Below is a brief list of available defenses for fighting a witness tampering charge:

  • Truth Seeking: If the defendant's conduct intended to encourage or cause the witness to testify truthfully, and the behavior toward the witness was lawful, then the accused can claim they did not commit a crime.
  • Lack of Intent: This is a specific intent crime that requires a person to intend to hinder, delay, or prevent the communication of information about a crime to law enforcement officers. The defense may claim there is no such intent.
  • False Accusation: If the alleged act or conversation didn't happen, the defendant can claim the state's case is based on a false accusation.
  • Insufficient Evidence: All the elements of the crime must be proven beyond a reasonable doubt. A defense of insufficient evidence will claim a lack of evidence on one or more key elements of the crime.

Witness Tampering in Domestic Violence Cases

When most people think of witness tampering, they think of organized crime or those involved in major drug crimes or human trafficking. Unfortunately, crime victims and witnesses in such cases often face pressure. Victims may try to dismiss criminal charges. Witnesses or informants may get cold feet due to intimidation or threats to family members.

Domestic violence crimes also involve an unusual amount of victim and witness tampering, often by the offender who faces charges. Most cases of domestic violence involve intimate partners such as spouses, couples who live together, or couples who have a child in common. As a result, their relationship does not end simply by the fact the police arrive on the scene of a domestic dispute or arrest someone for battery.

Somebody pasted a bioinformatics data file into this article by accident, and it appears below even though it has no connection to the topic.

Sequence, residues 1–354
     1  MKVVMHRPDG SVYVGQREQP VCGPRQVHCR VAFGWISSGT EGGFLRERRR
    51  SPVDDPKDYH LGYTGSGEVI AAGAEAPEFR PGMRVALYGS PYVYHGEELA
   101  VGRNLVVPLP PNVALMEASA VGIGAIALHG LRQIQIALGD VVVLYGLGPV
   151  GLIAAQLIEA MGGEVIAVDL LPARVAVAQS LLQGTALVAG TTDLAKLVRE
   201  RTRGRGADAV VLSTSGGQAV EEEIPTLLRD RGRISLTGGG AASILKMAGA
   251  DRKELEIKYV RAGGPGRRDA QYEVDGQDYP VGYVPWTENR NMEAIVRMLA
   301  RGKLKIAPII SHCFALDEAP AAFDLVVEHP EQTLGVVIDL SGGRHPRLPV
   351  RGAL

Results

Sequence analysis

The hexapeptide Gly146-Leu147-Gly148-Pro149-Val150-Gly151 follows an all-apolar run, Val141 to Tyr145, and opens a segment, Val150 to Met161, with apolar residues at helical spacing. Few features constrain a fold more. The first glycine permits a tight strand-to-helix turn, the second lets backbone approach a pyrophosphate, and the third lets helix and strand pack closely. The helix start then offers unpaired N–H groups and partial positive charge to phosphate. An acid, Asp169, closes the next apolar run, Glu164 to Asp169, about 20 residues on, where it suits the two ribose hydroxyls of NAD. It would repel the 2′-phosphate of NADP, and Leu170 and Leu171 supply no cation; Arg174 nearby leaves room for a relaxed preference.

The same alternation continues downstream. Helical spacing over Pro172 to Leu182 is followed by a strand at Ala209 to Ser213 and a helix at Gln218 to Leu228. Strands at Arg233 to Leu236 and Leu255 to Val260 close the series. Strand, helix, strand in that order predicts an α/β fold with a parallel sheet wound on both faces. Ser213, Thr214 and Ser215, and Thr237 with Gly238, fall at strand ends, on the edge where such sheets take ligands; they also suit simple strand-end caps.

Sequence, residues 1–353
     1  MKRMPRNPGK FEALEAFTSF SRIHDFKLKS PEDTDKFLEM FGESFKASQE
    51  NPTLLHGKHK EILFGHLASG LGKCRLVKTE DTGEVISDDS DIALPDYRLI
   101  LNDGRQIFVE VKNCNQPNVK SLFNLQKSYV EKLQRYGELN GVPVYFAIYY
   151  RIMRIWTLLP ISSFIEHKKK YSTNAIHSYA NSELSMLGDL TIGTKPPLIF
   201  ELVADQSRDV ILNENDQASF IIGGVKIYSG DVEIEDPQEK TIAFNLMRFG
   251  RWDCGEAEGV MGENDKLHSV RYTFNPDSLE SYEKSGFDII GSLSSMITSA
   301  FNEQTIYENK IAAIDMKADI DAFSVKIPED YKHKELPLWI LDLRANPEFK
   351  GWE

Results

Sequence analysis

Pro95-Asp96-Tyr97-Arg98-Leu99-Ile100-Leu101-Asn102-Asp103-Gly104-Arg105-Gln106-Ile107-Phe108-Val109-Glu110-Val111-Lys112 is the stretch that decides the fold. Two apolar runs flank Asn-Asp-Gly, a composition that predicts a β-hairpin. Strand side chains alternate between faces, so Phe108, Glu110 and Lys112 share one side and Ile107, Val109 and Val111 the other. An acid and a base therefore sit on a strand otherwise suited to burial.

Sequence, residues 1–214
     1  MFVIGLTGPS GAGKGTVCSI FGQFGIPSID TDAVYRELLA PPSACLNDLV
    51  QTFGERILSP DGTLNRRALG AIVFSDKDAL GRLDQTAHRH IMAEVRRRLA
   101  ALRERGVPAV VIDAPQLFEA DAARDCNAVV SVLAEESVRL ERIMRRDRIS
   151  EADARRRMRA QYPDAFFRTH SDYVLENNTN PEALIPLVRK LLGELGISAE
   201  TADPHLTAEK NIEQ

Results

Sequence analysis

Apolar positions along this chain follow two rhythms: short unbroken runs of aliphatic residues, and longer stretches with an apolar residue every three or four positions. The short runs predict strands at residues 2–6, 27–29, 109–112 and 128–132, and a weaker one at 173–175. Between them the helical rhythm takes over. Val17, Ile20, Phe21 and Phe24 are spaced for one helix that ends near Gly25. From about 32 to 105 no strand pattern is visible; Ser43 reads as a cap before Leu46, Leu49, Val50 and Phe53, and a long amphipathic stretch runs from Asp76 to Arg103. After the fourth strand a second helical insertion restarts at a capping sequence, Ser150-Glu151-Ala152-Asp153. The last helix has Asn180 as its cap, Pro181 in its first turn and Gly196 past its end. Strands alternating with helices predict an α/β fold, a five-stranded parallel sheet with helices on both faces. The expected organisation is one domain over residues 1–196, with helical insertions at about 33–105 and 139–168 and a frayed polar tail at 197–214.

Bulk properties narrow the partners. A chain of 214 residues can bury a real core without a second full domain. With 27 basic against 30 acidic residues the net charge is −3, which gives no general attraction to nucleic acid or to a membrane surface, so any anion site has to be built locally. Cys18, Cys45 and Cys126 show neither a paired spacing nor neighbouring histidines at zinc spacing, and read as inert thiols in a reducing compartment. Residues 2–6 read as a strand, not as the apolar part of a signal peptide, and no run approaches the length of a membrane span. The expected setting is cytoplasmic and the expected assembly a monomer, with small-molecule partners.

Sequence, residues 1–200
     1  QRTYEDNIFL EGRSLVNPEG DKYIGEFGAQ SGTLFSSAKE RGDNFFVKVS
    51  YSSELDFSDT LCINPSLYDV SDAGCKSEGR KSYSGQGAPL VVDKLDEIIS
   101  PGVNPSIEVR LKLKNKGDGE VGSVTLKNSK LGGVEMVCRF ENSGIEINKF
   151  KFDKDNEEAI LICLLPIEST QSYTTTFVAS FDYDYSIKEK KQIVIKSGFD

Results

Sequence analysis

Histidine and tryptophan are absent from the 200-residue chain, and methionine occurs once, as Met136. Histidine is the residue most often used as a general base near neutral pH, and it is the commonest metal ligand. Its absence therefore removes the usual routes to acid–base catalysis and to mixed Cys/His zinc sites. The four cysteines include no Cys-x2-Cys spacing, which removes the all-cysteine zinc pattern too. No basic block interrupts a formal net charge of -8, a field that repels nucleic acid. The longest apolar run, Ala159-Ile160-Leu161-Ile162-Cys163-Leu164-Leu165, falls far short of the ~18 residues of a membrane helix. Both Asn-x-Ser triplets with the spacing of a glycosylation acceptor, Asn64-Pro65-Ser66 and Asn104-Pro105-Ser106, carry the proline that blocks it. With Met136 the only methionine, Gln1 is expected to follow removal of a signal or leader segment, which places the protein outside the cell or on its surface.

Domestic abusers may start harassing a victim before the police arrive, stating they should not answer the door or give a statement. If an arrest happens, an abuser in jail will call the victim, often before the victim meets with a prosecutor. Some will apologize and offer to improve if the victim "drops" charges, recants, or fails to cooperate. Others will make subtle or direct threats about the victim's safety. When parties have children, abusers may threaten to contact child protective services and have the children taken from the victim. Intimidation of a domestic violence victim may also come through other family members or friends. This is more likely when the victim has a protection order.

Many acts of witness tampering in a domestic violence case never proceed to criminal charges. In some states, prosecutors decide whether to take the case to trial with or without the victim's cooperation. They may not learn of witness tampering until the eve of trial. In such situations, they may not have the resources to bring witness tampering charges forward.

Concerned About Witness Tampering? Get Legal Help

Witness tampering is a serious crime. Victims or witnesses who experience tampering should contact the police or notify the prosecutor. There may be steps the authorities can take to address these actions and make sure your safety is a priority.

If you face accusations of witness tampering, seek legal help. There may be legal defenses available depending on the facts of your case. In an initial meeting with a criminal defense attorney, you can discuss your rights and decide the best action.